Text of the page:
Robert M. Stonehill, Ph.D.

Senior Advisor
AIR
Robert Stonehill

Robert M. Stonehill, Ph.D., is a managing director at the American Institutes for Research and is responsible for a range of projects at the national, state, and local level that support the effective implementation of education policy and reform initiatives. He develops, manages, and evaluates national education initiatives to improve teaching and learning in high-need schools and communities, and is a recognized national expert in the areas of educator effectiveness, compensation reform, and expanded learning. Currently, he serves as director or senior advisor to several projects that are addressing the challenge of designing and implementing comprehensive educator evaluation systems that support career advancement opportunities and performance-based compensation incentives.

Before joining AIR, Dr. Stonehill was the deputy director for academic improvement and teacher quality programs in the U.S. Department of Education’s Office of Elementary and Secondary Education. He managed a $6.2 billion annual portfolio of programs to support improved teaching and learning in high-need communities, including the ESEA Title II-A program, 21st Century Community Learning Centers (21st CCLC), and the Mathematics-Science Partnerships, among many others. The 21st CCLC program, which Dr. Stonehill directed since its inception in 1997, provides more than $1 billion a year to support afterschool programs in high-poverty areas and was the winner of a 2002 Public Service Excellence Award.  In managing the ESEA Title II-A program, funded at nearly $3 billion per year, Dr. Stonehill worked extensively to monitor progress in every state to ensure that core academic teachers were “highly qualified” and that effective teachers were equitably distributed across districts and schools.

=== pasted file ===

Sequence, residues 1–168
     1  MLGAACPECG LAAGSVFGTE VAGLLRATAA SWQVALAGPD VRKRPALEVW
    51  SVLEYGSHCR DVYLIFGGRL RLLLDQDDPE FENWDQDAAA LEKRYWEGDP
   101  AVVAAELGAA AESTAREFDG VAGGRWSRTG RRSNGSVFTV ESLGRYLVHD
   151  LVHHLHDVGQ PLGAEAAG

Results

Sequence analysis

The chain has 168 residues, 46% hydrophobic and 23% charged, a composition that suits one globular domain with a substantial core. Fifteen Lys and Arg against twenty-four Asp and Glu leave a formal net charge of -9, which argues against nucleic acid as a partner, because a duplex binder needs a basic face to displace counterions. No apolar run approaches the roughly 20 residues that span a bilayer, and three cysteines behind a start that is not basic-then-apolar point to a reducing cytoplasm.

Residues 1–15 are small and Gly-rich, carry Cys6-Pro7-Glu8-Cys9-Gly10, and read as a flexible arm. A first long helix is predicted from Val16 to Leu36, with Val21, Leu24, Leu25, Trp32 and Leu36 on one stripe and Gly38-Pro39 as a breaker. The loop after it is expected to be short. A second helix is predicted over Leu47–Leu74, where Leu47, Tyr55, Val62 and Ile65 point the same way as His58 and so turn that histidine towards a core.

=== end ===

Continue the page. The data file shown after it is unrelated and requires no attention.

In earlier work at the U.S. Department of Education, Dr. Stonehill was director of the Regional Educational Laboratories program and the Educational Resources Information Center (ERIC), where he helped pioneer the use of the Internet as a way to reach practicing educators.